Tuesday, July 19, 2011

Sir Arthur Conan Doyle on trial...

Albemarle School Board to vote on expelling 'A Study in Scarlet'
Aaron Richardson
The Daily Progress (July 13, 2011)
A parent asked that the book be removed from reading lists because, he says, it casts Mormonism in a negative light. After reviewing the work, a School Board-appointed committee determined that it wasn’t age-appropriate for sixth-graders. According to the parent’s complaint, the book repeatedly refers to Mormons as violent and intolerant, and accuses them of murders and kidnappings.
Okay, fair enough, the book is seen as religiously intolerant and has false views of a religious group, but since when is that good enough grounds for removing a book from a curriculum?  How many books have racism and are still taught?  How many books are intolerant of Islam, and are still viewed as just fine to read?  In fact a textbook that is apparently too tolerant of Islam, was requested to be removed from a school by Tea Party members in Prince William County, VA.

That being said, it is a bit disappointing that instead of talking about how a book mis-represents something, people feel it is better to make the book disappear or to take it away.  At least this would only be taking the book out of the curriculum and not the library.  And the board is following the challenged books process.  That does not mean that I'm not disappointed in the situation.  It still kind a sucks.
“When you look at the work, the basic question is, if someone says it shows a lot of cultural or religious bias, you have to look and see if that work has enough value to where the regard for the work outweighs the cultural bias,” county schools Secondary Education Director Matt Haas said. 
School Board member Harley Miles stressed that the schools have followed the established policy for reviewing works that parents find offensive or destructive. Once a complaint has been filed, Miles said, a committee reviews the work to see if the complaint has merit. If it does, the committee can recommend that the work be removed from reading lists.
It seems that this is not a common occurrence in Virginia, to get complaints such as this.  The School Board Chairman, Stephen Koleszar, said "this is the first time in 16 years he has seen a request like this. For Koleszar, keeping children from learning about cultural or religious prejudice is dangerous...."
“I personally believe that kids should have a wide range of material available to them,” Koleszar said. “While it places Mormonism in an unfavorable light, we can’t pretend prejudice in this country isn’t real. Still, it probably isn’t age-appropriate.”
Again, I am not going to rant and rave against the School Board since it is doing its job.  And unlike the post prior to this one, the Board is actually reading the text in question.  I'm disappointed about the attitude that starts proceedings like this in the first place, that thinks the removal of texts is better than a discussion about the shortcomings of the views in the text within the classroom where biases and prejudice can hopefully be redirected in a constructive way.  Two other Mormons spoke up in response to this situation, being quoted in the comments section after the article on newsplex.com:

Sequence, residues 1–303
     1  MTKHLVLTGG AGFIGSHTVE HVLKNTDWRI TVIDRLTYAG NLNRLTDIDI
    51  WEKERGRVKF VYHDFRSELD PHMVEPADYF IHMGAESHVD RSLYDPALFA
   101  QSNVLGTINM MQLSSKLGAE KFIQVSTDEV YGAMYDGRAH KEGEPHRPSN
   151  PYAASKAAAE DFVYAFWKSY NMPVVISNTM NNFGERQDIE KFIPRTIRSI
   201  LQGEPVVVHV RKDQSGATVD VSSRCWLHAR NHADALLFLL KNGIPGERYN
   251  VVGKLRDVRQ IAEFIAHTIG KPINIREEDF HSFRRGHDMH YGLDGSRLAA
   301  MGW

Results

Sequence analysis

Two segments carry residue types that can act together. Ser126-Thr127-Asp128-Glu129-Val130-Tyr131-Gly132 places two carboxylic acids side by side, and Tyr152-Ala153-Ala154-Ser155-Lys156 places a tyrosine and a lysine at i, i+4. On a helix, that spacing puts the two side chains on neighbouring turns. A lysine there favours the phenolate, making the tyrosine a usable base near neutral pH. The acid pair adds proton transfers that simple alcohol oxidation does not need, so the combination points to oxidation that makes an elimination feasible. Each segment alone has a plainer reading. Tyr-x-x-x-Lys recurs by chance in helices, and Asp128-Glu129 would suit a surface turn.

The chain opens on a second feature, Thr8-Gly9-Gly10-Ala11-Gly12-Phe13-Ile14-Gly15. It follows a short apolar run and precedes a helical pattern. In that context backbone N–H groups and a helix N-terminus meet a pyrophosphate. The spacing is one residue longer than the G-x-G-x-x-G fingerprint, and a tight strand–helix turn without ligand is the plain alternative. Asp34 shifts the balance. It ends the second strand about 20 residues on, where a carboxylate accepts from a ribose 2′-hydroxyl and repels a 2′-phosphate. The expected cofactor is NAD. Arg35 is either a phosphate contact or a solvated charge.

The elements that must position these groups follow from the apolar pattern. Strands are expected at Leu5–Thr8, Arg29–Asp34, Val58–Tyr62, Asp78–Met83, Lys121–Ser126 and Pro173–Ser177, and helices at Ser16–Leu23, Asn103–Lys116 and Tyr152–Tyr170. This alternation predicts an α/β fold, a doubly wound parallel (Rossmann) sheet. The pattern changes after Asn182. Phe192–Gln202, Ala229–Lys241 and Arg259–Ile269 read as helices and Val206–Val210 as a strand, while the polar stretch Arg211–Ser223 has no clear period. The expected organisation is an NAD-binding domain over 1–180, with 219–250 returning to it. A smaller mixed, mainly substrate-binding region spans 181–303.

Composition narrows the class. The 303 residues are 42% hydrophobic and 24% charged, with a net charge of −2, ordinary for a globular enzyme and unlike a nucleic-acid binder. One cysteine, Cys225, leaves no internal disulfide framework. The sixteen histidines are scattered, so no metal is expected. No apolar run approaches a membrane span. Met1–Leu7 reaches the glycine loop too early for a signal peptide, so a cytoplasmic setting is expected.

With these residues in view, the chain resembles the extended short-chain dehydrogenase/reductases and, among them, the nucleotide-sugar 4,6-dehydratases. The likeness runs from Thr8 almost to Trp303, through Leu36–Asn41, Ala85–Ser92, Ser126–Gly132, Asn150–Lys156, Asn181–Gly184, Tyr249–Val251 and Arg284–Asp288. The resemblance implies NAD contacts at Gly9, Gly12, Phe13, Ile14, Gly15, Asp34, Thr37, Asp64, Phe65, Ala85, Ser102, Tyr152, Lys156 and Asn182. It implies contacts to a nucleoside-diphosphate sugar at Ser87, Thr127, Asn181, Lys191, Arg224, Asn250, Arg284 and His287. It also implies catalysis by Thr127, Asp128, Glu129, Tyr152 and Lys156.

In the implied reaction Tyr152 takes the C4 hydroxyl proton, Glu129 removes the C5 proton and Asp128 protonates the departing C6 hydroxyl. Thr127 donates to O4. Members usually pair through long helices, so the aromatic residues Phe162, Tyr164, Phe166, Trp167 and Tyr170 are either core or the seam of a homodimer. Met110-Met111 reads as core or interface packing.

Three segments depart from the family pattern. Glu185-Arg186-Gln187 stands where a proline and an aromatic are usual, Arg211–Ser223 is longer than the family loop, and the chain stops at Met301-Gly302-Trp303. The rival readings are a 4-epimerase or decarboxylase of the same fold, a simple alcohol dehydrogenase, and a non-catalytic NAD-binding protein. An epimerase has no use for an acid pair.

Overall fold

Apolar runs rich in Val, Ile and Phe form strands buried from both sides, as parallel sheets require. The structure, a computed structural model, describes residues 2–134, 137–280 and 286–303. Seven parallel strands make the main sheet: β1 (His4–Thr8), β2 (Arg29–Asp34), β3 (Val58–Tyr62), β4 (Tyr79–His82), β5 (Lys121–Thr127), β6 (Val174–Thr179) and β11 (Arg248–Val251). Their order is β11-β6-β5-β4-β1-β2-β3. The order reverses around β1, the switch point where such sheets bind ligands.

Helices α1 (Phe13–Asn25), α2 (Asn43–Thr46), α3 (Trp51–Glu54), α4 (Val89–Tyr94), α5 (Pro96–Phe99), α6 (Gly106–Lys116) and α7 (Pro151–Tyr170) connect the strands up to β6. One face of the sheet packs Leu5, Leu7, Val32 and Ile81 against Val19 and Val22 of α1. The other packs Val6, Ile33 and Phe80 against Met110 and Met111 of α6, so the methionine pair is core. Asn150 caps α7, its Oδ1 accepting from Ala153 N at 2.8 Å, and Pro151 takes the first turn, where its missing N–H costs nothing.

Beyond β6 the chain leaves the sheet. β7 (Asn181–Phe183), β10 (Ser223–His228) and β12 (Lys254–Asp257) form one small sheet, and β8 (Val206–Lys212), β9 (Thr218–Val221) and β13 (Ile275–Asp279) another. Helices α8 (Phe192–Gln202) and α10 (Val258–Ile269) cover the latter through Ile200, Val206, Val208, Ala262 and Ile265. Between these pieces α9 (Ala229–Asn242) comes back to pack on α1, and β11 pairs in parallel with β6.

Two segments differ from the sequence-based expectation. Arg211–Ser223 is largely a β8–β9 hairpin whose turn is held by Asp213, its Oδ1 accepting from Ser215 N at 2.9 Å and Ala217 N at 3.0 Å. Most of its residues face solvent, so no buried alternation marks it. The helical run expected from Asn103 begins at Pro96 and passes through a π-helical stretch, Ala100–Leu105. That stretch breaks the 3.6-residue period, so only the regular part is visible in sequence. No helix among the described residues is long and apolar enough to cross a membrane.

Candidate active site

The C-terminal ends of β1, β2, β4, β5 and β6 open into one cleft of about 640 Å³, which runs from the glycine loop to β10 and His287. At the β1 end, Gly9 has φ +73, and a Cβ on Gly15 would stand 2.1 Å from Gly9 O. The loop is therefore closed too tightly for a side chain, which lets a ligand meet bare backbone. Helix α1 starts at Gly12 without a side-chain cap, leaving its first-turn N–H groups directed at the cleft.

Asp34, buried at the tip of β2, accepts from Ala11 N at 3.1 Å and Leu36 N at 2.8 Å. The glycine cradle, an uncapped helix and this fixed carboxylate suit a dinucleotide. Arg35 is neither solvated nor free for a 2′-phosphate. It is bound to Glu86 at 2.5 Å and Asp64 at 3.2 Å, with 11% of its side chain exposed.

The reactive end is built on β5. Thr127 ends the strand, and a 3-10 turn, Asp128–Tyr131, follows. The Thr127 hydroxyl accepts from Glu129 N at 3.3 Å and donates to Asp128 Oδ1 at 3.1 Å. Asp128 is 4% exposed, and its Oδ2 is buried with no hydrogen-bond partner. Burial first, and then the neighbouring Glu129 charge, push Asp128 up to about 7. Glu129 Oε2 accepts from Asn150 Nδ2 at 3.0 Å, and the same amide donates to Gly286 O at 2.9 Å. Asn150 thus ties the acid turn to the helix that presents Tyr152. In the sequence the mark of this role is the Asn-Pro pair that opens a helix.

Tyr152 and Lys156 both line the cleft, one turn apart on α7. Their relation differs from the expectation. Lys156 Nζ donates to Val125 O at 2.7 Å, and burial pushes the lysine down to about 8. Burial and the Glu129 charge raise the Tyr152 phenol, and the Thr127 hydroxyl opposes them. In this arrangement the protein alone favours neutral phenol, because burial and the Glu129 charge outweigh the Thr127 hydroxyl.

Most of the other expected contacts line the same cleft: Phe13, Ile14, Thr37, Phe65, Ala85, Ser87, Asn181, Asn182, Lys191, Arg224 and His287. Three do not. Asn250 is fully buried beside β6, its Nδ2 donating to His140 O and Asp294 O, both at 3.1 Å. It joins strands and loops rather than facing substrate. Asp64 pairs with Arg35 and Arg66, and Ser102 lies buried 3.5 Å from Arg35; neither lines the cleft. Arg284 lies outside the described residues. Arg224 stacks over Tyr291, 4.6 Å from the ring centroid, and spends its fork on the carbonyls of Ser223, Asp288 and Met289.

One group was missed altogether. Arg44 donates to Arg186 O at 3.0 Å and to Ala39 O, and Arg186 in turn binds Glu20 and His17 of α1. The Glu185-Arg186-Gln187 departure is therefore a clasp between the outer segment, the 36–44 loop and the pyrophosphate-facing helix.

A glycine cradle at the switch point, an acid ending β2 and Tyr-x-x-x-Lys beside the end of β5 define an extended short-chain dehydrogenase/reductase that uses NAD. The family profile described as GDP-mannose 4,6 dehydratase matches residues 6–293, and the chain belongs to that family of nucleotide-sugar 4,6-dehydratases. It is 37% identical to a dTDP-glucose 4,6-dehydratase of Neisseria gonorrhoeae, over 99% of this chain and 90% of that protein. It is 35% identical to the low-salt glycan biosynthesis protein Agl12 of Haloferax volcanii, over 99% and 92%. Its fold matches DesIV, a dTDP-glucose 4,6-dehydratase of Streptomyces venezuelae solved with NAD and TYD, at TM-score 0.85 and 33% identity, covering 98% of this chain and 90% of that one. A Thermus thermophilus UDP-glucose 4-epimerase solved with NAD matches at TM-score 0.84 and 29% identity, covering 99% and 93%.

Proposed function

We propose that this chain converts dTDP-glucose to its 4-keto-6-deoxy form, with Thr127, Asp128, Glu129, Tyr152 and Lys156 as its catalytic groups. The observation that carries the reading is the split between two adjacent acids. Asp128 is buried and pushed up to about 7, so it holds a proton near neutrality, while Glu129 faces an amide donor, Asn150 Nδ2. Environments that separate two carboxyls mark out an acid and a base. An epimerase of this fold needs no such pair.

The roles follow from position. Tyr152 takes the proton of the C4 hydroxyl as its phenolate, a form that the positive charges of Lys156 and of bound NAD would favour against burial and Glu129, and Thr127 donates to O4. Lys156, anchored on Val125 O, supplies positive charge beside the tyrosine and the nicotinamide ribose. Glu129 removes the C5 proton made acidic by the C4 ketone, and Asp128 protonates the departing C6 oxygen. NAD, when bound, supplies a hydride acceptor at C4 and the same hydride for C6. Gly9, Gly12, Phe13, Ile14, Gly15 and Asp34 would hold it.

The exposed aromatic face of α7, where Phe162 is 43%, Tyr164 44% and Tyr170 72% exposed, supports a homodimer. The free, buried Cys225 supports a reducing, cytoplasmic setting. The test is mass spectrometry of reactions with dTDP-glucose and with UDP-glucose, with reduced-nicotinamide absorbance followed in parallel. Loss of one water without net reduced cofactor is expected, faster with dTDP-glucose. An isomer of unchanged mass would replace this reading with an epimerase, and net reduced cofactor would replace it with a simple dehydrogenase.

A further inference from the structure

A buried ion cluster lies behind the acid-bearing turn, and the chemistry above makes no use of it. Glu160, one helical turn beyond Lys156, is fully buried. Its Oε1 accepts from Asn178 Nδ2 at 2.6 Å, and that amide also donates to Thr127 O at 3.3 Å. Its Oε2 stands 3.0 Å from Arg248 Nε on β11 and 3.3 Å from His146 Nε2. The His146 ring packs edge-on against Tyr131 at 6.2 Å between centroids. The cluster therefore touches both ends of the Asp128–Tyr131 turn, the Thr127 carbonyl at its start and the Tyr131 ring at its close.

by Blair
I do not live in the area, but I am a Mormon who would like to voice my admiration for the work of Sir Arthur Conan Doyle. Sherlock Holmes is a classic character, still deserving our attention. I've recently read "A Study in Scarlet," and while its depiction of Mormonism is wildly off-base, I still believe the book is still highly entertaining. As a Mormon I actually chuckled several times at the depiction of Mormons, I enjoyed it. Granted, it would be nice if the teachers gave some background to make sure kids have a better understanding of the conditions of the period, but in this way students could take the opportunity to learn about how people with different beliefs have been depicted in popular literature in the past.
by Kent Larsen
As an active and heavily involved Mormon, I'm deeply embarrassed by this action. Hiding the misunderstandings of Arthur Conan Doyle and others who wrote about Mormonism is not a useful approach to changing perceptions of Mormonism. To the contrary, instead it makes Mormonism look like something secretive. Yes, Conan Doyle gets most of what he writes about Mormonism wrong. But the book is still a good read, and could give a good teacher the opportunity to talk about prejudice in writing. Lets not hide materials from students just because we think they might get incorrect ideas. Instead, lets teach children to think critically about what they read, and help them to learn to discern the difference between truth and error.
Let me know what you think!  Comments please!

Thanks for listening.


  1. Get them all to read Latter Days, that'll shake their boots.

  2. Haha! I'm sure that will work out really well ;)